n Gender and Behaviour - Masculine women feminine men : power relations in two Nigerian plays by women
|Article Title||Masculine women feminine men : power relations in two Nigerian plays by women|
|© Publisher:||IFE Centre for Psychological Studies (ICPS)|
|Journal||Gender and Behaviour|
|Affiliations||1 Kaduna State University, Nigeria|
|Publication Date||Jan 2014|
|Pages||6135 - 6144|
|Keyword(s)||Femininity, Gender, Masculinity, Patriarchy, Power and Stereotype|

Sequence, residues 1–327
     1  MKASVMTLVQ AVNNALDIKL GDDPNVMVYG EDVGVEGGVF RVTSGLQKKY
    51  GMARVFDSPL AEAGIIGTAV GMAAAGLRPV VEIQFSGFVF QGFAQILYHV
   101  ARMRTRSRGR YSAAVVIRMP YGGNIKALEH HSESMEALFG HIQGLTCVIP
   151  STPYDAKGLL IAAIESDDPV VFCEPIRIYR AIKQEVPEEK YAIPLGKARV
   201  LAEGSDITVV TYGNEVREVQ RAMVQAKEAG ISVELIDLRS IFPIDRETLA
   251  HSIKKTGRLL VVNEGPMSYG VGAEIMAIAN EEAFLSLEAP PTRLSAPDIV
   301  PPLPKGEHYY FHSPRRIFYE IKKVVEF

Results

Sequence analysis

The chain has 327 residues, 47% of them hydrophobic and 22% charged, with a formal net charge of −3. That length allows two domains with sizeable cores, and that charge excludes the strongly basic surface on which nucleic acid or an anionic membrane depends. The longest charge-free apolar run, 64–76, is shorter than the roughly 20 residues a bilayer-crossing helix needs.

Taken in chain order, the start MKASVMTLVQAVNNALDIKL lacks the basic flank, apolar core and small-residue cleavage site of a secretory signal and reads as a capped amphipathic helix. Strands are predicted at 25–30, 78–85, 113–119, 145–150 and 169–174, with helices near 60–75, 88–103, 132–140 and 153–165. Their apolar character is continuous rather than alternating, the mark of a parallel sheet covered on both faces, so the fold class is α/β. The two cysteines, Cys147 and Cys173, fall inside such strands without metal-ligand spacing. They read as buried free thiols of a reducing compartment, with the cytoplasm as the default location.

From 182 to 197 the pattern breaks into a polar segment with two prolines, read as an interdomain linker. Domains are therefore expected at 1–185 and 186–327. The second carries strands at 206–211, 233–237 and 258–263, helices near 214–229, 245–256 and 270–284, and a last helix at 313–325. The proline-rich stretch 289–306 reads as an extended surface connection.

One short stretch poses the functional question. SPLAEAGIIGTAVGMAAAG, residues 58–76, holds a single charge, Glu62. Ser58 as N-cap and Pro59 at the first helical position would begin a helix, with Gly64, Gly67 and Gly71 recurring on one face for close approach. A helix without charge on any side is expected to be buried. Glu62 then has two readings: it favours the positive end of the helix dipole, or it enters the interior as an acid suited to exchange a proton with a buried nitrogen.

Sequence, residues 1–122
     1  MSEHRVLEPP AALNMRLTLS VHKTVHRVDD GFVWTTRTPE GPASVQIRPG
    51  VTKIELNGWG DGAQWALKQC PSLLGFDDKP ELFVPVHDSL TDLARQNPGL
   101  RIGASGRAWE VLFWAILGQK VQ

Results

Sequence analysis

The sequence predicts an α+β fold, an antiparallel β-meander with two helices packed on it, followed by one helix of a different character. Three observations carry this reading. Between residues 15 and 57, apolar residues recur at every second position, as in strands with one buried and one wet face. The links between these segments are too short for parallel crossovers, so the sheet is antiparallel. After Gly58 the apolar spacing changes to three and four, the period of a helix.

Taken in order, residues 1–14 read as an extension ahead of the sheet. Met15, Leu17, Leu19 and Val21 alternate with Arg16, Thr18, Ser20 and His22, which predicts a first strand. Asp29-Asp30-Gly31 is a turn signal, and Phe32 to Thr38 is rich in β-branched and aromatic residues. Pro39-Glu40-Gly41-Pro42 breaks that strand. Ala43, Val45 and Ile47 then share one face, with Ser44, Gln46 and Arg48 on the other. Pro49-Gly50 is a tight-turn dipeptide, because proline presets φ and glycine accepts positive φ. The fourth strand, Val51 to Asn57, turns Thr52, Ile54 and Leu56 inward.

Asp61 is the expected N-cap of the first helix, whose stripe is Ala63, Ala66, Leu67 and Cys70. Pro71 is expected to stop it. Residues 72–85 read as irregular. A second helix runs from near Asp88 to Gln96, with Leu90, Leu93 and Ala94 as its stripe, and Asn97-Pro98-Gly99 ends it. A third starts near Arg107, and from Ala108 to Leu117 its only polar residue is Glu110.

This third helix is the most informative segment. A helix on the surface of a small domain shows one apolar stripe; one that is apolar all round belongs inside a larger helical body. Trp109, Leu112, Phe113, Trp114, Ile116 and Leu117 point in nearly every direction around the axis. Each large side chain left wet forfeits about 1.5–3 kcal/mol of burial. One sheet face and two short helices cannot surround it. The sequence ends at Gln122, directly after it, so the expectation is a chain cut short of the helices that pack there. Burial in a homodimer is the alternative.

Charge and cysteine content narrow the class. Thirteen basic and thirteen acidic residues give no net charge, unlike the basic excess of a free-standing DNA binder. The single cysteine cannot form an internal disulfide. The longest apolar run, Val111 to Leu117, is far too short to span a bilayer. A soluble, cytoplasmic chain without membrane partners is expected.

The word Masculine is traditionally associated with a manly character. In its original sense, it projects the idea of ruggedness, courage and physical strength. In ancient patriarchal societies, masculine images projected a male-dominated work environment in which the man was a farmer, hunter and soldier or engaged in any other daunting task that masculinity entails. Within the Nigerian drama discourse, which by the way has been dominated by men for a very long time, the construction of power and the signification of characters has always involved the projection of men as rugged and masculine while women are on the other hand imaged as weak and feminine. However, the word masculine has come to be associated recently not just with men. This has become very evident in emergent works of women playwrights who have imbued their female characters with masculine features. These female characters exhibit strong aggressive attitudes. This paper explores these masculine projections of women in selected Nigerian drama especially by women. It concludes by suggesting that both masculinity and femininity are not strictly biological endowments but is more of gender construction.
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